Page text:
Both academic and journalistic writers broadened the

This preview shows page 6 - 8 out of 12 pages.

Both academic and journalistic writers broadened the definition of moral panicto encompass many societal events which may have brought anxiety or fearto the public ­­ but failed to meet the standard of challenging the existingmoral fabric of the society. During the 1980s AIDS, crowd violence at footballgames, etc. were identified as moral panics when, in fact, a threat to themorality was not an issue (Hunt, 1997). (AIDS could be argued as a moralpanic in the reverse. When AIDS first appeared, conservative societies largelyviewed it as a "gay disease" and claimed it was God's scourge on those whochose a homosexual lifestyle. Instead of a panic, it was seen as a solution to apanic.)Further studies of moral panic began to articulate the notion of using themedia to spin an incident to favor the vilified interest group (i.e., folk devil)and to promote radical social change purported to be unwanted by thegeneral society (Veno & Eynde, 2007). In these cases, the identified folk devil:
• Uses coalition building to create a politically active group;• Influences the media to spin the situation in their favor (i.e., runningsympathetic stories about individuals in the vilified group. In this case themotorcycle club trotted out a "victim" who was paralyzed because of allegedpolice brutality and was struggling to care for his wife and child) and thepublic outcry against the group is reframed as a bigoted or uneducated view;• The group lobbies independent politicians, civil liberties groups, and othermarginalized groups with the goal of forging political alliances; and• Uses legal challenges to decry the injustices being heaped upon the group inthe form of stringent sentencing and stricter laws that target the group'sactivities. This tactical approach could be used to debunk myths whichperpetuate bias and hate against marginalized groups or individuals. However,it appears to be used to try to force societies to accept people who choose tolive aberrant lives (e.g., Hell's Angels, Goths, gangsters, Satanists, etc.) assafe and normal (Veno & Eynde, 2007).It is not yet clear what these types of neutralization projects will have onsocieties and may be worth watching. If motorcycle clubs, youth gangs, andSatanists are successful in creating a society in which they are no longervilified, will our societies be able to maintain safety or will safety bethreatened? That question has not yet been scientifically answered.ViewpointsThe Constructionist ViewSome sociologists believe the notion of moral panic may be outdated associety has shifted to the degree that the boundary "separating morality fromimmorality has been blurred" (Hier, 2008, p. 174). Utilizing a Constructionistpoint of view, all moralizations involve a group of people acting on theconduct of others. The resultant laws can be viewed as necessary revisions orcan be reframed as "punitive laws rooted in a politics of panic andresentment" (Adams, 2003, p. 260). Additionally, it is difficult to determinewho is responsible to guard the moral fabric and safety of a society; this couldbe construed as the responsibilities of each individual or of a societal group. It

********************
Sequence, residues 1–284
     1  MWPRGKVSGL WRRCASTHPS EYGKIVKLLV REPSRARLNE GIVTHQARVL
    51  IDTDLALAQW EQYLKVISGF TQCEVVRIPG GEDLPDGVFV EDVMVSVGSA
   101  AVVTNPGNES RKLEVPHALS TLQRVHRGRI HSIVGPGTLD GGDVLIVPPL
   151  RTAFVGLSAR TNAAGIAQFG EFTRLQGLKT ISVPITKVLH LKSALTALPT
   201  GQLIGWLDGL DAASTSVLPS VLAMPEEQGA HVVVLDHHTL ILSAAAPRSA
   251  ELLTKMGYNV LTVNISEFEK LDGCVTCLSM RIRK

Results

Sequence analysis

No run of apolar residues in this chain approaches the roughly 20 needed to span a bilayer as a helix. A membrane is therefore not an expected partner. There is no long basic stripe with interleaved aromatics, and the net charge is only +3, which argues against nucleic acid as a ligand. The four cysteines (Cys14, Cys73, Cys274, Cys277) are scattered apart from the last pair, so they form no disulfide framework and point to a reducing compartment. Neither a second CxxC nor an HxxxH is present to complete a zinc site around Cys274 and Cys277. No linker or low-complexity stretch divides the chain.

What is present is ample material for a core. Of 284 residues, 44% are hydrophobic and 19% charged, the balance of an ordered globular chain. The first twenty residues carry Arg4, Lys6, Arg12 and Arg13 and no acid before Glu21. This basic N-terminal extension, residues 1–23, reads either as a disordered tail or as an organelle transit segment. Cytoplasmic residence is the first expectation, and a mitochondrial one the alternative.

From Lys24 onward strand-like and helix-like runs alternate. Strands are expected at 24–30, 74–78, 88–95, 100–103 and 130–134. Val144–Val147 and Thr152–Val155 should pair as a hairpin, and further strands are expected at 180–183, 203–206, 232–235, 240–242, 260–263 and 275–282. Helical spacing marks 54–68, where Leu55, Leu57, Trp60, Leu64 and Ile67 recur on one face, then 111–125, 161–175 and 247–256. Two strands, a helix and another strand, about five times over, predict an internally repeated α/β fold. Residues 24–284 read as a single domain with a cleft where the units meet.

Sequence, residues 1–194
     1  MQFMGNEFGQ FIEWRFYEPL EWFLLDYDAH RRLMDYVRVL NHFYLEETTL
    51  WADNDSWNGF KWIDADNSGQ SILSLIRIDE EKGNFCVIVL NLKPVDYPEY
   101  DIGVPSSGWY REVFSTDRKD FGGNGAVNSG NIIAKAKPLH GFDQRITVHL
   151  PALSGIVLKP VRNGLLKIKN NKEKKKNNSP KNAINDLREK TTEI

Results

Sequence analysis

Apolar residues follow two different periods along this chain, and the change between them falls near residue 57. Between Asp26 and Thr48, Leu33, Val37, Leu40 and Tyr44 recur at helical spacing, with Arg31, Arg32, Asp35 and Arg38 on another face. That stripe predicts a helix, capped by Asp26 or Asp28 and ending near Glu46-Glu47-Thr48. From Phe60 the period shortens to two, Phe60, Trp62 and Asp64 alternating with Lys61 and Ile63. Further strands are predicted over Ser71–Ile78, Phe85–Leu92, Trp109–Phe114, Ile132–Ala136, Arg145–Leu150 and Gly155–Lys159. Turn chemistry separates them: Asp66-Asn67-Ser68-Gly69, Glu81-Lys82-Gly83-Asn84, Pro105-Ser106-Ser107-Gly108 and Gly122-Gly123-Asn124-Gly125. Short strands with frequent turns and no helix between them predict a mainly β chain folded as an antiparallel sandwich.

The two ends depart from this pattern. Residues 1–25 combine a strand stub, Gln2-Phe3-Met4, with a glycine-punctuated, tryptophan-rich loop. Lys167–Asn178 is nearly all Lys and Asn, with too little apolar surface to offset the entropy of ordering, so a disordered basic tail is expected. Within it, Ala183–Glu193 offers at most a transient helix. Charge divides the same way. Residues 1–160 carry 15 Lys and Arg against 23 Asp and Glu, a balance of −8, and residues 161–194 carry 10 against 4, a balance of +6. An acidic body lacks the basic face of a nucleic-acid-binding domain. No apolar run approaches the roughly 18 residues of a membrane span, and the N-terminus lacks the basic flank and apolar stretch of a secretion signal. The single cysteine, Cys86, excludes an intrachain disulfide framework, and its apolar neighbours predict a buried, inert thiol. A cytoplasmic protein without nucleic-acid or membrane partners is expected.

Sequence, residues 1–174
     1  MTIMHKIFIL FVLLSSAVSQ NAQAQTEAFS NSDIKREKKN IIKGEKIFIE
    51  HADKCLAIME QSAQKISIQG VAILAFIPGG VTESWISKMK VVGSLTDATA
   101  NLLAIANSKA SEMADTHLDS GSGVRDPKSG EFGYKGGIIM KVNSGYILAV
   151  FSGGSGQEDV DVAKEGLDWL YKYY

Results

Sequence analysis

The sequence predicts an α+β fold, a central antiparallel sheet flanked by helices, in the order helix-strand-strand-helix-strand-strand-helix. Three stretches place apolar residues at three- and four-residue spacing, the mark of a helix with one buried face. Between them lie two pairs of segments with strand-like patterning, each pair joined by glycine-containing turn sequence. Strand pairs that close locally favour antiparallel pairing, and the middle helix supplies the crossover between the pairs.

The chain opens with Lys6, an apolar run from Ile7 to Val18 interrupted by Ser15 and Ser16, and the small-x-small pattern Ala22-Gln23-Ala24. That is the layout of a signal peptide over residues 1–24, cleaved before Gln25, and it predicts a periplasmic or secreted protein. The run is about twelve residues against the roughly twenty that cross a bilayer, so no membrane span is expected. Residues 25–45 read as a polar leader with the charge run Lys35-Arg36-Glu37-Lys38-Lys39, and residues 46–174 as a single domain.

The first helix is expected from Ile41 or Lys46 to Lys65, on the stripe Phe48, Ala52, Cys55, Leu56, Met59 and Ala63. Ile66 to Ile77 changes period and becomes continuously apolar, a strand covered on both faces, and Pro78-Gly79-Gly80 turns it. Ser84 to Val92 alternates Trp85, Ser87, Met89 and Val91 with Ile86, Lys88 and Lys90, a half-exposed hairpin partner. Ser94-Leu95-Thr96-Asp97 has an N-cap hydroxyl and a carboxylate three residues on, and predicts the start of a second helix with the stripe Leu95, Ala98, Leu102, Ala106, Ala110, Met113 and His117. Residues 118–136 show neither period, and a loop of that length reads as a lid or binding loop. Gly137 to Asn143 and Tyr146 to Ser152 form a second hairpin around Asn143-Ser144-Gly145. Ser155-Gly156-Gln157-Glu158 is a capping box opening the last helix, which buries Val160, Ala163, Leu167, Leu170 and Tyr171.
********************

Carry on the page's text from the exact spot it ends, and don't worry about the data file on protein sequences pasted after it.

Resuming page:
• Left Quote Icon

    Student Picture

  • Left Quote Icon

    Student Picture

  • Left Quote Icon

    Student Picture